What about my health fund?
An explanation of dental fees
When considering health insurance for your dental costs, also consider the following:
- The level of rebates paid is determined by each health fund and this hinges on that fund’s commercial requirements.
- In addition to offering rebates for their clientele, some health funds are designed in such a way as to reap profits for their shareholders.
- Often the case, the rebates rendered on dental fees are unlikely to cover any more than 60 percent for common dental issues, with this cover sometimes offsetting just less than half the cost of more complex and costly procedures.
- Some health funds direct their preferred providers to certain (more cost effective) procedures, thereby reducing your choice of treatment for your real dental needs.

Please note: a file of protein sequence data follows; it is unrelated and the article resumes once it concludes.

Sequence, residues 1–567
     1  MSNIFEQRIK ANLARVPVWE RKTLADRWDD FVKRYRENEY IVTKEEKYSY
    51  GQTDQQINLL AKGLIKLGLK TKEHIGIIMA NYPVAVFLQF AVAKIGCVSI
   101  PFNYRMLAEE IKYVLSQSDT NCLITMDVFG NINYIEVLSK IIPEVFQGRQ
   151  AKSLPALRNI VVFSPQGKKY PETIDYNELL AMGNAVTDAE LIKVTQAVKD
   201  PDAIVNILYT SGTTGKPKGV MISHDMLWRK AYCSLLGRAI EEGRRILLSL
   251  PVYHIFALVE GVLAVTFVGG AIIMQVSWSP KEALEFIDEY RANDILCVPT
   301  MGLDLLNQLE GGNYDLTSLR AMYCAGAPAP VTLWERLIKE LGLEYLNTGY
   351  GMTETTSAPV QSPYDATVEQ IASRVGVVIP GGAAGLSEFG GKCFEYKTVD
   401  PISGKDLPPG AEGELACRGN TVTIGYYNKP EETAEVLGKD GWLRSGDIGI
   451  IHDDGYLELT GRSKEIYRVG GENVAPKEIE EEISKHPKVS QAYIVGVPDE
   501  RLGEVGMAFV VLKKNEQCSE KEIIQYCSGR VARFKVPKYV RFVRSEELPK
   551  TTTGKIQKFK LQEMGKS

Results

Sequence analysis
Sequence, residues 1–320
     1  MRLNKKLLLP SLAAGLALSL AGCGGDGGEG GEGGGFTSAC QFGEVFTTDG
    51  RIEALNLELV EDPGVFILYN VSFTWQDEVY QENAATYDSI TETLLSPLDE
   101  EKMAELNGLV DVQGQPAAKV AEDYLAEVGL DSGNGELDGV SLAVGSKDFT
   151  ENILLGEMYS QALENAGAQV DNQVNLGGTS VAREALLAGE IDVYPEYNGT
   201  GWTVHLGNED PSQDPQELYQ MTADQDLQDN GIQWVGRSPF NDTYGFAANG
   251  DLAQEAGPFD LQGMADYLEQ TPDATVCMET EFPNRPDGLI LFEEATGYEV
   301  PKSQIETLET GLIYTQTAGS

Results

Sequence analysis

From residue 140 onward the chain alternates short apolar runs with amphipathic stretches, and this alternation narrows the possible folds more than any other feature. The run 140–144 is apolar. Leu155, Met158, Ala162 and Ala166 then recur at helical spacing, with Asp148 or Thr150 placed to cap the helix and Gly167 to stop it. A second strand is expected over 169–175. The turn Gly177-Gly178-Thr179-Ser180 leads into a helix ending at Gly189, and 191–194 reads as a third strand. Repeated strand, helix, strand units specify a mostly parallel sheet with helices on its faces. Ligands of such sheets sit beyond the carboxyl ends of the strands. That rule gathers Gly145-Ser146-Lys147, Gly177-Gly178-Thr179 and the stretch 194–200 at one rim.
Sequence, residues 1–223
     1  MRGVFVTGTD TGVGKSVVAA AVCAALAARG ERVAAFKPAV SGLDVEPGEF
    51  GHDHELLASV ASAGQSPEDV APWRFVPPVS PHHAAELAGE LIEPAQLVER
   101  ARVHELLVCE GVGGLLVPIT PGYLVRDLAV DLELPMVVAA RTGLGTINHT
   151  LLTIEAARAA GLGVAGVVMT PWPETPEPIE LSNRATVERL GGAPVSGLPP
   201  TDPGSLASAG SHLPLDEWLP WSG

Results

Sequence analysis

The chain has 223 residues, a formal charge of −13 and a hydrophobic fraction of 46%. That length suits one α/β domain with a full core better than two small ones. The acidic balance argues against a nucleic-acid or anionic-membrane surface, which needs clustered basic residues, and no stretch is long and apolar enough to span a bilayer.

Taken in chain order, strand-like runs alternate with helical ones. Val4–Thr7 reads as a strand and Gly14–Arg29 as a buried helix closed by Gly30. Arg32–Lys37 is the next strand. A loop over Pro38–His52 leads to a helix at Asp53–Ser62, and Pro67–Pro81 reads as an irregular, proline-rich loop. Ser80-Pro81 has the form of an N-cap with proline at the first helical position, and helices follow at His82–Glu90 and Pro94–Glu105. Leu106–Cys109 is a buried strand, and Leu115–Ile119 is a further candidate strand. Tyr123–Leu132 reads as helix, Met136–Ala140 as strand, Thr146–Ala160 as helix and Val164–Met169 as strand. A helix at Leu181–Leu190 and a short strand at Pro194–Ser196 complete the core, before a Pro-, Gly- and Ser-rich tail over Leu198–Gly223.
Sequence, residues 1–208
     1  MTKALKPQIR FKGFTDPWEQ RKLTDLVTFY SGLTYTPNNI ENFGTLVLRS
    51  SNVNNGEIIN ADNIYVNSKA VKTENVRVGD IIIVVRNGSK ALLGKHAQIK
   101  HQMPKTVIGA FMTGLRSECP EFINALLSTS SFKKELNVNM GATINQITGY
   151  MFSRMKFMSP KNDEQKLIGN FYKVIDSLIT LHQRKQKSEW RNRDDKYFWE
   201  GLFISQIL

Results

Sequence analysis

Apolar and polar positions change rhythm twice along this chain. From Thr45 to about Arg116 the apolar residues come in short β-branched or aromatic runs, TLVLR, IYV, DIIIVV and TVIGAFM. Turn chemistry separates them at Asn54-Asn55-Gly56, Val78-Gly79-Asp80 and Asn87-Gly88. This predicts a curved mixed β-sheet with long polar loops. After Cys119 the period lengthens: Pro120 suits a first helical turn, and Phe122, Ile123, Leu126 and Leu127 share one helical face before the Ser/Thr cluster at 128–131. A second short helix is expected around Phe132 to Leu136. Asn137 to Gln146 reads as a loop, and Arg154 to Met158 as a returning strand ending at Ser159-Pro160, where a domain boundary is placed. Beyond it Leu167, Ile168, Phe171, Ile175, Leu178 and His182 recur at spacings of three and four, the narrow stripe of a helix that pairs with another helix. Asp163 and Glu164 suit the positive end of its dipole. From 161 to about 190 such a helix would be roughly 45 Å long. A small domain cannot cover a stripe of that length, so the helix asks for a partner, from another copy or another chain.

- The federal government does not subsidise dental fees like it does Medicare for adults. There is a subsidy available for some children, however you must speak to Medicare to find out if your child is eligible.
- Cheap dentistry could only mean one thing: lower quality care for patients.
- Our practice follows the Australian Dental Associations fee guides for setting up our fees. The overall figure has to factor in individual costs, a figure dependent on the practice. Our dentists are all active/registered members of the ADA.
- The fees levied in this practice are maintained at the lowest possible minimum while at the same time providing care of the highest quality.
- The best way to bring down your dental bill is to prevent dental decay and gum disease in the first place. What’s more, you could avoid extra costs by scheduling for regular checkups with your dentist.
- Should you have any qualms with your private health insurance, make a point of getting directly in touch with the fund. If this does not resolve your issue, you should contact the Private Health Insurance Ombudsman. This is an independent body tasked with the responsibility of resolving complaints as well as offering free advice and information.